17 December – The God who brings death and life
Isaiah 61:1-4, 8-11
John 1:6-8, 19-28
Good news to the oppressed, binding up of the broken-hearted, proclamation of liberty to the captives, release to the prisoners; a garland instead of ashes, the oil of gladness instead of mourning, the mantle of praise instead of a faint spirit; the garments of salvation, a robe of righteousness, a garland, jewels…
The word of promise in this language is surely extraordinary in the ears of those who have lived through hell. Isaiah proclaims a great reversal, a turning upside-down of the experience of the people of God – the return of God to their midst as blessing.
But what about those for whom the world is not horrific, for whom life’s biggest challenge is along the lines of negotiating a shopping centre carpark a few days before Christmas or waiting out a kitchen renovation? What does Isaiah have to say to any whose life is largely devoid of oppression or ashes or unrighteousness? Because, for most of us – in and out of the church – life is mostly ok most of the time, and so Isaiah’s proclamation comes like icing on what was already a pretty good cake.
One way of hearing Isaiah under these circumstances is to imagine that he speaks not to us, but as us: “The spirit of the Lord is upon me,” or us. The word to us becomes our own word and, going further, we take it upon ourselves not simply to speak of the coming of God but to be those who realise God’s peace. We have received the Spirit, and we are to pay that forwards, for others.
Certainly, those who “have” are under a moral obligation to share and bless those who have not. But if this is all it’s about, then there is no possibility that God has anything more to say to us. Is there a word of the Lord – a blessing, heart-raising word – for the relaxed and mostly comfortable?
The question of our redemption is not pressing today, either in the church or in society more generally. Certainly we are constantly working towards something, and something better than we what we presently know but this kind of progress is not the business of Christian worship or faith. The heart of our confession is not the offer of a nudge from worse to bad, or bad to good, or good to better. We speak, rather, of life out death, of the creation of something out of nothing. Christian faith is, at heart, concerned with miracles, with the impossible. For when God comes, what he brings is not only the kind of healing we think we need but also revelation of the full extent of that need. In the breadth of Isaiah’s preaching God speaks such words of comfort as we read in worship this time of year, but also divine rage and accusation against the people for things about themselves they would scarcely recognise or be aware of.
When God comes, it is always as life out of death, as creation out of nothing. This means that when God comes it is always with bad news as well as with the good, the good revealing the bad. The broken-hearted may not know, or have acknowledged, that indeed their hopes have been dashed; the captives not know that they are imprisoned, the comfortable not know just how insecure they are.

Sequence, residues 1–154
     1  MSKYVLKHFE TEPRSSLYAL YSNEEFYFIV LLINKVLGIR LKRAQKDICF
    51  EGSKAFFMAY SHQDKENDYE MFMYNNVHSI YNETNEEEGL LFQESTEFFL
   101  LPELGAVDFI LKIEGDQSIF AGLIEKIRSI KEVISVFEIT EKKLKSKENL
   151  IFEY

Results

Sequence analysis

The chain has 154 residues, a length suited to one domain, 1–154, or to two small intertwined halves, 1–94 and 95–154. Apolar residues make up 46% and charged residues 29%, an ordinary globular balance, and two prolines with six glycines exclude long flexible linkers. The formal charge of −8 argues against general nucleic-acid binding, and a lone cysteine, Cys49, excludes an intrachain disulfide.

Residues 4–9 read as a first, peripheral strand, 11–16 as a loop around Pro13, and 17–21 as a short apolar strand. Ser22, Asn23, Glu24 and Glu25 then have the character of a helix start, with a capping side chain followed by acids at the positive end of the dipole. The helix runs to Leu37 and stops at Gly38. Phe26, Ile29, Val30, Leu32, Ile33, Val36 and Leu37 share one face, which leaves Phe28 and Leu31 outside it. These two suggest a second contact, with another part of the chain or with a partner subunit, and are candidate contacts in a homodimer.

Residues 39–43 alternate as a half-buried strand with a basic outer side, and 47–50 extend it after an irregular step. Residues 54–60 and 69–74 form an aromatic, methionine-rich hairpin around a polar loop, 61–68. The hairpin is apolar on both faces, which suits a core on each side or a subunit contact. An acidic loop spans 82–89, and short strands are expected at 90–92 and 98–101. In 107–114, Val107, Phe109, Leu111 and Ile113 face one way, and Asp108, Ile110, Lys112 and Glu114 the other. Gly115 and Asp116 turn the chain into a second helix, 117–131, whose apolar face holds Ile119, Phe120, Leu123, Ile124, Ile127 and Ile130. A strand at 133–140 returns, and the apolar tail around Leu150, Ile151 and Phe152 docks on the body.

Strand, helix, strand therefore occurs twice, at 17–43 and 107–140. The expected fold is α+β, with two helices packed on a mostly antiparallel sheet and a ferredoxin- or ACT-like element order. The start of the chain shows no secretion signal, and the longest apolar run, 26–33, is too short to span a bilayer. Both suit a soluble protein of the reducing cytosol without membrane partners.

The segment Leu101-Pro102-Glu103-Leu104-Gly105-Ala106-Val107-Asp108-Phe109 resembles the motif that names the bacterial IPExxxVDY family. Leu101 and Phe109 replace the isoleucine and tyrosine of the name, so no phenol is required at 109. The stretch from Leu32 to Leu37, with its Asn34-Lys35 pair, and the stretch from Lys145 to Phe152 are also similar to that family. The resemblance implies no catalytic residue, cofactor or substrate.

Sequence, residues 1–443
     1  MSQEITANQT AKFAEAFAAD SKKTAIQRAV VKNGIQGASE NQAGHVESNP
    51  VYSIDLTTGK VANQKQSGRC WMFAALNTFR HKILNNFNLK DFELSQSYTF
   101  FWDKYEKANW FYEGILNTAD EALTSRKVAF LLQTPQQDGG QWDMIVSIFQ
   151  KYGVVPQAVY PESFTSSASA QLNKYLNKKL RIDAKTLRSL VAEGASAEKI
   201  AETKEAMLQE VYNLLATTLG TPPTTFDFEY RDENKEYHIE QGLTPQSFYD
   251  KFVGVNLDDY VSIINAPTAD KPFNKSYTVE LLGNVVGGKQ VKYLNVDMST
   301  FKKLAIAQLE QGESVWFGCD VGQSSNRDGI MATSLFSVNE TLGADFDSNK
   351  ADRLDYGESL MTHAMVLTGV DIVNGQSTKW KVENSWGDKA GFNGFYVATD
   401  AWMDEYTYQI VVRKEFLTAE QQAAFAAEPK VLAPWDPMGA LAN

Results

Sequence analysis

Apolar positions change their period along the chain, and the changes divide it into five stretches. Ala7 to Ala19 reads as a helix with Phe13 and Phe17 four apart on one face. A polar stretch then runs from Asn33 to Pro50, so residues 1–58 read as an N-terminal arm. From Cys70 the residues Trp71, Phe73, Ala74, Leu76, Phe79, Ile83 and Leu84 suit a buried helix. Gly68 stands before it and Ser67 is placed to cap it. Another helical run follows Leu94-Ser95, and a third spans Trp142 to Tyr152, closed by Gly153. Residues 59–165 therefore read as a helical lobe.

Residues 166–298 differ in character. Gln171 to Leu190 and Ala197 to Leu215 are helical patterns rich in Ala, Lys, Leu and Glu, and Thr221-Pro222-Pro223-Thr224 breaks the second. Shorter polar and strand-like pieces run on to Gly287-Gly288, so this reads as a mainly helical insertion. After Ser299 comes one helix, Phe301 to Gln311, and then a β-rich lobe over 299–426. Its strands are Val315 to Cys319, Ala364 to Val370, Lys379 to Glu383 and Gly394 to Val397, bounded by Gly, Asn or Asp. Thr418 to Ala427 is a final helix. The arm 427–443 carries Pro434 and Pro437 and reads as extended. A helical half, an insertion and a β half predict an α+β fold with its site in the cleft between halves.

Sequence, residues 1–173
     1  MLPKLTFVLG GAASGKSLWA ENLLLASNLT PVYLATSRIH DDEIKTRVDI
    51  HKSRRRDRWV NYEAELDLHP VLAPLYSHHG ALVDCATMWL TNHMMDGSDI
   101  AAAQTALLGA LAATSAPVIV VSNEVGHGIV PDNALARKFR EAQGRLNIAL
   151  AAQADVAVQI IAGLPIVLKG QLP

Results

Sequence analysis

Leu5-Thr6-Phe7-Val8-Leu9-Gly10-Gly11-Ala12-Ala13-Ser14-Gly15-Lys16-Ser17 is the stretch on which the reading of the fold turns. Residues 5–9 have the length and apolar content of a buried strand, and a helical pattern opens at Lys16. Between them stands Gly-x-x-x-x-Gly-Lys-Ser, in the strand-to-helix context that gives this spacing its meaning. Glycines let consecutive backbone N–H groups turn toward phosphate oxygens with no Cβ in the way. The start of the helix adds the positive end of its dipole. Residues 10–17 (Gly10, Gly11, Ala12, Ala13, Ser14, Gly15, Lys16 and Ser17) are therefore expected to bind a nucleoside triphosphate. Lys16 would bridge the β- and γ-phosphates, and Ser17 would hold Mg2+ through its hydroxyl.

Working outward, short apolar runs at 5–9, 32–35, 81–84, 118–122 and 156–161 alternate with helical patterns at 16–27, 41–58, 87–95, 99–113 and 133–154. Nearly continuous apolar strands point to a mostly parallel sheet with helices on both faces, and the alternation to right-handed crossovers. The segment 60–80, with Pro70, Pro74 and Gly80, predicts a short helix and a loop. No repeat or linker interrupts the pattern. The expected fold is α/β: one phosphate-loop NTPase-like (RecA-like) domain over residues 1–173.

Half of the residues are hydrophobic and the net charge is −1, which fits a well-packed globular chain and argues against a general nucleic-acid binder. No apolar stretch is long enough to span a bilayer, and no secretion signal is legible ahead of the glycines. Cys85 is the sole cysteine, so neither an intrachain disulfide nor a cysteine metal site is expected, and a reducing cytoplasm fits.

We mark just this dynamic in our worship each week. We call on God, whether we are feeling we need God or not. We hear that we are forgiven, often of things we had not imagined we were guilty of. Perhaps quintessentially, we gather around a table at which is served a victim through whom salvation is somehow won.
All of this “works”, however, only to the extent that the bad comes with the good. If we speak of the coming of resurrection, we speak also about the coming of death. But we have to be careful here. The proclamation of resurrection is not for the dying but for the dead. We noted last week that we all know that we are dying. This knowledge, however – our mere mortality – is not the question answered by resurrection. Resurrection reveals death – a death we do not yet know – it does not merely nudge us through what we already know. Resurrection doesn’t answer our sense for death because we have not yet asked the question well enough, despite our mourning and ashes, as real as they are. The resurrection with which the church is concerned is that which identifies who is dead, including us dead who are still walking.
This is enacted also in the Eucharist. The Eucharist “works” only to the extent that we who receive the body and blood admit a culpability in its having been broken and spilt. There is no “nudge” here into a better life by taking a spiritual medicine which treats some disease in us, and so which could be substituted for a generic brand which is not called “body” and “blood”. The ritual kills in the accusation of our complicity in death, and raises in the creative grace of God. Death is but a means by which God can bless; the Eucharist is death and resurrection – Jesus’, and our own.
“The spirit of the Lord is upon me,” Isaiah proclaims, with the emphasis falling on the spirit, and not on the “me”. For it is the spirit of the Lord which creates and renews the face of the earth. This is the light John announced, which enlightens everyone (John 1.9), even those who do not yet know they are living in shadows. When God comes, the dark places appear and are flooded with light. And God is coming.
For this spirit, this light, all thanks be to God, Father, Son and Holy Spirit, now and always. Amen.